Sunday, 6 October 2013

Reap What You Sow


This morning my tube was delayed. I had until recently been having quite a good run on the old tubes... managing to dodge engineering works and signal failures but it seems this morning was my turn to experience a delay. Luckily I had packed my sewing and had a seat, so not all was lost. As a consequence of the delay I ended up walking into work a bit later which meant I bumped into all the little school children on their way in. It was a wonderful sight for today was Harvest Festival day. An array of baskets, Jute bags and boxes (notably decorated with sprigs of fresh thyme) all made their way into the school gates this morning via a pair a spindly legs with navy woolen tights and still rather squeaky new patent leather shoes. How delightful!

This was to mark the start of a rather magical day, for later on I managed to harvest something myself. Two wonderful lasses called Sam and Christabel gifted something very, very special, to me - a piece of their father's vellum. Dumbfounded I did not know what to say - I really did not. My heart swelled and I burst into tears. This was a tad embarressing as all my work colleagues were there, including Kew's constabularly and a few visitors, but this could not be helped.

So now, as I write this, I have a small piece of A5 vellum sitting on my desk staring at me and screaming for attention. I have never painted on vellum before, but I am sure as hell going to learn how to now! So the plan is to get another piece to practice on once I have finished Cos. I can't wait. I hope that the medium will suit my style as I do like to use a dry brush more than a wet one. I had been experimenting with a wet on wet technique, but it really doesn't suit me at all, so I have been slowly reverting back to the original technique since completing Monstera problema.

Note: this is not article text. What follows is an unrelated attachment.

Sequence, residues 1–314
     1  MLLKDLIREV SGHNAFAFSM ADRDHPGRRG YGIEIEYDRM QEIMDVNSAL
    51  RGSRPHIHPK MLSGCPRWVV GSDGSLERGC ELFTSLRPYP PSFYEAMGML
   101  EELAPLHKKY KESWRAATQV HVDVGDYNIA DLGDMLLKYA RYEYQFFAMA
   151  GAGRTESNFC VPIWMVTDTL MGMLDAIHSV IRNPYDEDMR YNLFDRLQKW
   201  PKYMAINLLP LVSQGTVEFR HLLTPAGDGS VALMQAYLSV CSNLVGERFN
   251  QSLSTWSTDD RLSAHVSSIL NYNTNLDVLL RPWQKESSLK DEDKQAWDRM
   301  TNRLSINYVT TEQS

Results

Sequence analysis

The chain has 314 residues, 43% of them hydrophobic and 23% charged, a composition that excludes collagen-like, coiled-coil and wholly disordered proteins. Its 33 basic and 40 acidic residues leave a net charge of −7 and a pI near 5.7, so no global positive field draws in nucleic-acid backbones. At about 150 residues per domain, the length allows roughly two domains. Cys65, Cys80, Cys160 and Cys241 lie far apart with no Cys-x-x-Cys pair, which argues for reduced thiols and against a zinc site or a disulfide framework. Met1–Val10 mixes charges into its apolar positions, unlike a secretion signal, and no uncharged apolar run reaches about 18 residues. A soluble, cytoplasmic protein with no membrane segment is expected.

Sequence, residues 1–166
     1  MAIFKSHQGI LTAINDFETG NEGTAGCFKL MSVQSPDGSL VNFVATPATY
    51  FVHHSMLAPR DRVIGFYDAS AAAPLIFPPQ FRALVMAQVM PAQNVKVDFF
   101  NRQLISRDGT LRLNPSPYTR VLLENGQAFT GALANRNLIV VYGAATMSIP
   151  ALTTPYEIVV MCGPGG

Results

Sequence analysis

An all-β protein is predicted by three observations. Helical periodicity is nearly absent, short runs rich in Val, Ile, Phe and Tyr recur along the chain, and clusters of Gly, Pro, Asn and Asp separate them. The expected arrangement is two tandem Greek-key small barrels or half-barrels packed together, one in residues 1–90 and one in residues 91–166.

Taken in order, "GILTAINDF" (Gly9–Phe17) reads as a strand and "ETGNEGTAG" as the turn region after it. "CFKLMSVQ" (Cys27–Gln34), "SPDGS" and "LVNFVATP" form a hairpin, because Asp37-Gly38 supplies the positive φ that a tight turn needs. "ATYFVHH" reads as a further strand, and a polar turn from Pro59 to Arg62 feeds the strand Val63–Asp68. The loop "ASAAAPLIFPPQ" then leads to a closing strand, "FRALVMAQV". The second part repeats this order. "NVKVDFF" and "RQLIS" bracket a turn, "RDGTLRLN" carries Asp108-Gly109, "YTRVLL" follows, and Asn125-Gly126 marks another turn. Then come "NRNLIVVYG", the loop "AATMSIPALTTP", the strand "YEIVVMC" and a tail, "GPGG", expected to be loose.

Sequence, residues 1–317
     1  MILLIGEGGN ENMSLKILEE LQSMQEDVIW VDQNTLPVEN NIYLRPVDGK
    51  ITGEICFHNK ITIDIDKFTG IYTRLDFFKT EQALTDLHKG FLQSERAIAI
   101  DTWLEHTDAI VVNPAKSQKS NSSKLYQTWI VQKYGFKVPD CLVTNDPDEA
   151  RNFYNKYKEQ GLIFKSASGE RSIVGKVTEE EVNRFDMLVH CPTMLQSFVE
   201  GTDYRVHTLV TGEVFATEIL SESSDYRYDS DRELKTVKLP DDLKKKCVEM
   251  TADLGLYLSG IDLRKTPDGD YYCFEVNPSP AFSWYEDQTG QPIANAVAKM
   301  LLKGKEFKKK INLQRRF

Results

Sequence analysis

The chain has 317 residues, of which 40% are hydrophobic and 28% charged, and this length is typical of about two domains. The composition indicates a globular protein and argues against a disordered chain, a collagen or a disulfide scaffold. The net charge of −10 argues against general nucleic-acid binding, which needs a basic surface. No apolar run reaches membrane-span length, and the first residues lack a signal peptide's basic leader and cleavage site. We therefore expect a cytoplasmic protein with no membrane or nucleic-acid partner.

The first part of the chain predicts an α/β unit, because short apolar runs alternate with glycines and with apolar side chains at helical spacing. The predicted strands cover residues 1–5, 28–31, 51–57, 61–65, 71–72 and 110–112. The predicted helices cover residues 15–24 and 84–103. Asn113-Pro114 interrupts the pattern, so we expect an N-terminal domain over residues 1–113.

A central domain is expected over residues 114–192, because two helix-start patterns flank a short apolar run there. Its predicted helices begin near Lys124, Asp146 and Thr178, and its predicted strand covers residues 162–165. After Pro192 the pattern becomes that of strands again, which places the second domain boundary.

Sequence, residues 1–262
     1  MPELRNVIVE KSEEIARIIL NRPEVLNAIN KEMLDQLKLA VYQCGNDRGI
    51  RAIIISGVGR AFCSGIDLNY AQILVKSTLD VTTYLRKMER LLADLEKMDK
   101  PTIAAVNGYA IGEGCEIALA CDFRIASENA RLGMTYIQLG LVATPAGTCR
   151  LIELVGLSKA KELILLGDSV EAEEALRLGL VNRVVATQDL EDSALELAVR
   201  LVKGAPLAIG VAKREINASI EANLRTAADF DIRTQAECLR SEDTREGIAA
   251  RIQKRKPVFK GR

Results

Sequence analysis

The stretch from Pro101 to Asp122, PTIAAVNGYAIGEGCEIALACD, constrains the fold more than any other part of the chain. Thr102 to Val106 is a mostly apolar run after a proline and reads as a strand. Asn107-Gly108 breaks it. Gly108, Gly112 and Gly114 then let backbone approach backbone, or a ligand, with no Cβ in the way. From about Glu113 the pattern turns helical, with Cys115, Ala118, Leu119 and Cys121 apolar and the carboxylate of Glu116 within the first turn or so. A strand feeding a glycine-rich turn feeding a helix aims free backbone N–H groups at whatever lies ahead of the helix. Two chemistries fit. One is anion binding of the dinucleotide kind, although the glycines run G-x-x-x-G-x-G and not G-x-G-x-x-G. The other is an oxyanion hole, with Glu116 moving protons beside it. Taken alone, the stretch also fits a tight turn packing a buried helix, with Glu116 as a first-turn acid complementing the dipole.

Knowing full well that vellum is an absolute pain to hang and store because of it's sensitivity to humidity I am going to invest in some Artsorb. Here in the gallery, when framing vellum ourselves, we tend to put a piece of this in to help limit the amount of movement and to reduce the chances of cockling. Artsorb is very clever - it absorbs moisture when it's damp and releases it when it's too dry. Dianne Sutherland has referred to the storing of vellum in her blog and highlights rather well why it can be a bit of a nightmare:

"A word of warning about storage
Despite the fact that vellum is one of the most robust surfaces to preserve it does have it’s limits and requires a relatively stable environment. Care should be taken when storing it, it should be kept in fairly constant temperature 20° C (± 1.5° C) and 30% (± 5%) relative humidity. An environment with less than 11% relative humidity can cause vellum to become fragile and brittle. Conditions where relative humidity is greater than 40%, may cause vellum to become susceptible to mould and fungal growth." Nicely said - I couldn't have put it better myself (hence quote).



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